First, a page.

Barr highlighted that Trump's executive order does not repeal Section 230 of the Communications Decency Act, which says that "no provider or user of an interactive computer service shall be treated as the publisher or speaker of any information provided by another information content provider."
The attorney general noted that in addition to his future business with states, the Trump administration is drafting a legislative proposal regarding social media companies, according to Reuters.
While slamming social media platforms' alleged editorial bias, the US president told reporters that his executive order will remove the liability shield that currently protects the platforms.
— The White House (@WhiteHouse) May 28, 2020
Trump expressed that while he imagines there will be some legal challenges leveled against his executive order, he is confident that his administration will emerge victorious from the hypothetical cases.
Furthermore, the US president contended that he would delete his Twitter account if it was not for the unfair reporting of the US news media. He also said that he would shut Twitter down if it was legally possible.
Prior to becoming president, Trump claimed that he would get rid of his personal Twitter account, arguing that his own use of it wasn't presidential.
Trump's focus on social media platforms comes as a response to Twitter's recent decision to add a fact-check advisory to his tweets on possible voting fraud via mail-in ballots.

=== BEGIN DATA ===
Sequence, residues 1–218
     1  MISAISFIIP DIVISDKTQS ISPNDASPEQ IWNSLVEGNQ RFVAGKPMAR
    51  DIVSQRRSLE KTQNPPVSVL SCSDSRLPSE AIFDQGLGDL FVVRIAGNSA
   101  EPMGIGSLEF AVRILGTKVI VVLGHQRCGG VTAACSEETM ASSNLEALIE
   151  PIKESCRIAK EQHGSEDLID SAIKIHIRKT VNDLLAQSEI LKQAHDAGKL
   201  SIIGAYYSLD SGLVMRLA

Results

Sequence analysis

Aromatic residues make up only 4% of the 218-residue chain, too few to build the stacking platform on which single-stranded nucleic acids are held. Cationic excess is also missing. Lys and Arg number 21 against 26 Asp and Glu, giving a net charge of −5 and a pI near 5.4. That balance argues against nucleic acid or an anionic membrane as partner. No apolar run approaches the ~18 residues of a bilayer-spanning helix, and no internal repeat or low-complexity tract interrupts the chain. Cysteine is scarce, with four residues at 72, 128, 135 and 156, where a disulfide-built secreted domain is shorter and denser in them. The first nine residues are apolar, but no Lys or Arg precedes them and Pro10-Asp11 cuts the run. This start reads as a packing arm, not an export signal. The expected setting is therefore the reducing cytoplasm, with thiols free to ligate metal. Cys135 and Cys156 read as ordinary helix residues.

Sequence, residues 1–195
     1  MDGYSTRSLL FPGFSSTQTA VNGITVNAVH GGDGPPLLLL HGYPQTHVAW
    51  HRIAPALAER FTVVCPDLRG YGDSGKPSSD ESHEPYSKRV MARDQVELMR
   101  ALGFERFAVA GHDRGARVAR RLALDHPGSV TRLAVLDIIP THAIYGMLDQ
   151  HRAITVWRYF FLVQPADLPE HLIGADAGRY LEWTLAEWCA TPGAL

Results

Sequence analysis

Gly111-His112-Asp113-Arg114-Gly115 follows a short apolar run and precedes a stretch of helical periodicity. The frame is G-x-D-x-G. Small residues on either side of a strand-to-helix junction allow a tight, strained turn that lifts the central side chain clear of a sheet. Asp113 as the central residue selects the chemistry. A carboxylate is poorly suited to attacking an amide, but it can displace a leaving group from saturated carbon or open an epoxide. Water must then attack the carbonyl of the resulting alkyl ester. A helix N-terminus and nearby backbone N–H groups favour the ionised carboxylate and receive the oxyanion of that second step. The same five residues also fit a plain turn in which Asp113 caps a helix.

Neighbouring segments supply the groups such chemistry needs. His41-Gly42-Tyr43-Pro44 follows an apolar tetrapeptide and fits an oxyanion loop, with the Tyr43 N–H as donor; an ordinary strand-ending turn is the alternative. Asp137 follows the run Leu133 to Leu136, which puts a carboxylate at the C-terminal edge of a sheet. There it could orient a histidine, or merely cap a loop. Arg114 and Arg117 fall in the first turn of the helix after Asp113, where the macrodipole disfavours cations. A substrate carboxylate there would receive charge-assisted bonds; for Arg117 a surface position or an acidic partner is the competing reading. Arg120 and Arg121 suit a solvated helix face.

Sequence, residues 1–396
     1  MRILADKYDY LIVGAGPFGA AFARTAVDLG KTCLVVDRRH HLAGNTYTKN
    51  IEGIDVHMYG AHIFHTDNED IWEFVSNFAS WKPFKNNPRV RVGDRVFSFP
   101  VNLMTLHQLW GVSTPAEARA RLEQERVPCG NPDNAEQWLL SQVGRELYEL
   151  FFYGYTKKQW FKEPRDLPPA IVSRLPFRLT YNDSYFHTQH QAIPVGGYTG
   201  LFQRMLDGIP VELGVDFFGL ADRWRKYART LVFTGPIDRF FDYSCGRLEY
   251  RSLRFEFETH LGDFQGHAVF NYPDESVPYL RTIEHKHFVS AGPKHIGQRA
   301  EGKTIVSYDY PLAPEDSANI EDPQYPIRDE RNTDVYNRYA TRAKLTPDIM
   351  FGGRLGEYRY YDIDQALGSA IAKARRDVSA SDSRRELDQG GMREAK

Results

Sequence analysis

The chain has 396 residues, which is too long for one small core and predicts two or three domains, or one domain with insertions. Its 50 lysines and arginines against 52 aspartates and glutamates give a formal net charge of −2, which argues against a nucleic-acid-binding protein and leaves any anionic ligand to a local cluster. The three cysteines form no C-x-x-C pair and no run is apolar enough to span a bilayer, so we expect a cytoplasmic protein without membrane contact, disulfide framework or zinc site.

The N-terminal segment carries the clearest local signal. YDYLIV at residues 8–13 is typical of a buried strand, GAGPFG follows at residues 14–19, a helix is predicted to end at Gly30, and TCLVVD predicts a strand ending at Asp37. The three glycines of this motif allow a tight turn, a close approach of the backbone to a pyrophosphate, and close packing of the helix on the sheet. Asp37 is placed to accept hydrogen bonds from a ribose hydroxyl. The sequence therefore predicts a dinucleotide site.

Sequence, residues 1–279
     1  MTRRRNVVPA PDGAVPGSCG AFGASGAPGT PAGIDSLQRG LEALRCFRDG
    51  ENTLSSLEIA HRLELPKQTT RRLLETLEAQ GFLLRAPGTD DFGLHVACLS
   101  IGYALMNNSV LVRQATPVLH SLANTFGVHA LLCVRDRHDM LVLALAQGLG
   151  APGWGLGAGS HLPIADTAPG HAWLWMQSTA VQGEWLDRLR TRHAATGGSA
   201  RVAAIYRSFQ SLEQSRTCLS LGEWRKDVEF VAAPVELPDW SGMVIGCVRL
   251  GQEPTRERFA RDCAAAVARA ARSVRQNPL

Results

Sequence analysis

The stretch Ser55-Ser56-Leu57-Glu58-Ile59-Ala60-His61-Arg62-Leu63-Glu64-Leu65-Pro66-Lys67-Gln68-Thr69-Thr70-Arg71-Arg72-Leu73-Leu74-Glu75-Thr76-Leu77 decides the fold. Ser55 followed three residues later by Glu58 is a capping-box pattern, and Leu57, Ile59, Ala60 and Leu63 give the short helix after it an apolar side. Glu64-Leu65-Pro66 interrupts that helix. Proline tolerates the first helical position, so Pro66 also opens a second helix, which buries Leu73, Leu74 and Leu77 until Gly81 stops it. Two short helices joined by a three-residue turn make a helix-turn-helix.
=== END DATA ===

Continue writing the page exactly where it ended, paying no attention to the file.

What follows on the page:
The US president claimed on Thursday that his executive order is necessary against the tech "monopoly" that has, until now, enjoyed "unchecked power" to censor and restrict certain human interaction.
“We can't allow that to happen," Trump asserted, speaking of the "unchecked power." He went on to claim that he imagines Democrats will back the matter, as they also wish for the so-called monopoly to be regulated.
Moments prior to Trump's signing of the executive order, US House Speaker Nancy Pelosi (D-CA) issued a statement on the matter, noting that the president's move "does nothing to address big internet companies' complete failure to fight the spread of disinformation."
She further stated that the development was more of a "desperate distraction from his failure to provide a national testing strategy to defeat COVID-19." The US COVID-19 death toll on Wednesday topped 100,000, according to Johns Hopkins.